Then we have the Commodores Messengers Org, which is a sort of glorified police force. They look over the shoulders of everyone else (apart from RTC – no one messes with them!) and make sure that they do as they are supposed to. There would be perhaps 5 – 10 staff here and they were located in the basement of the Manor, last time I checked.

    OSA (Office of Special Affairs) are located in a building attached to the West side of the Manor.

    Then we have the Finance / IAS admin people located in the South Lodge. Not sure exactly what went on there as it was all hush-hush. Probably around 5 people there I guess.

    Making up the numbers are the various estates personnel who maintain the buildings and grounds. Included here are the EPF (Estates Project Force) who are new recruits to the Sea Org and have to undergo an induction program of physical labour and study for a few months before they can be posted to a ‘proper’ job. The EPF do lots of the donkey work in the grounds.

    Staff numbers are based on my own observations, but may be a couple of years out of date. It wouldn’t surprise me at all if a significant number of staff had left in the past year or so.

    Each October, the St Hill base hosts the IAS events. This consists of the main event where the IAS freedom medals are handed out, the IAS Patrons Ball where the awards for achieving ‘Honor’ status in the IAS are given and the Charity Gala Concert.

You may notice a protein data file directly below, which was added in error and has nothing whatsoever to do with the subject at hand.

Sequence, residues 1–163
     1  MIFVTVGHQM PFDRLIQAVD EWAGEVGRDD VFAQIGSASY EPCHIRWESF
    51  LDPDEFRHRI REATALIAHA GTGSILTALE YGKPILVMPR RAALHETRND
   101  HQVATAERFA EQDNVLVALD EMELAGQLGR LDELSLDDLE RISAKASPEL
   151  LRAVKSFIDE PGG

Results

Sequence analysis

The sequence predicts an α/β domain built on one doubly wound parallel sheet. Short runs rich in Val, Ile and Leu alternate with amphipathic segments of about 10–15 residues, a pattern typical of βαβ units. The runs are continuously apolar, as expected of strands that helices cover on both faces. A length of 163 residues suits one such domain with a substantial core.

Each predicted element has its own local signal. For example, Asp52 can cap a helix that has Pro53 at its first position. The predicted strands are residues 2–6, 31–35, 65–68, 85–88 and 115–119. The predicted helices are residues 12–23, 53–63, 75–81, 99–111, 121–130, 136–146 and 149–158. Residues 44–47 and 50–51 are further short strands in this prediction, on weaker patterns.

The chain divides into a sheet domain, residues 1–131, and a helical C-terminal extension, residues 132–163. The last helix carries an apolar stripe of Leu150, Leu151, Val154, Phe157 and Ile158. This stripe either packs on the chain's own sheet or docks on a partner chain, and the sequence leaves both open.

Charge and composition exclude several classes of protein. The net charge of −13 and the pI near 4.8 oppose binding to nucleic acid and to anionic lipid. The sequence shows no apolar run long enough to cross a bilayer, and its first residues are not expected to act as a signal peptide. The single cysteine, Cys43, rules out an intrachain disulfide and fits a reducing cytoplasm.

Since there isn’t enough space in the main St Hill events hall, a huge marquee is erected in the field immediately to the west of the castle. This marquee really is big, being around 100m long by 70m wide. It takes about 3 weeks to erect, by a specialist company and is equipped with heating units, generators, portable toilets, kitchen and a VIP area for important guests.

    The first event is ‘free’ and consists of Miscavige and others presenting an overview of the past year regarding Scientology, particularly focussing on ‘wins’ from members of the IAS. Of course they leave all the bad bits out and don’t mention the losses. At this event, Miscavige hands out the IAS Freedom Medals. Of course, when Tom Cruise got his in 2004, it was an extra special ‘Freedom Medal of Valor’. I was in the audience that night and that was the only time I really felt as though Scientology could take off and make a global difference. Just shows how easy it is to get caught up in all the hype. :duh:

    Although the event is free to attend, there is a lot of regging going on for money or materials etc. Best to leave your cheque book at home! For an idea of what this event looks like, see this: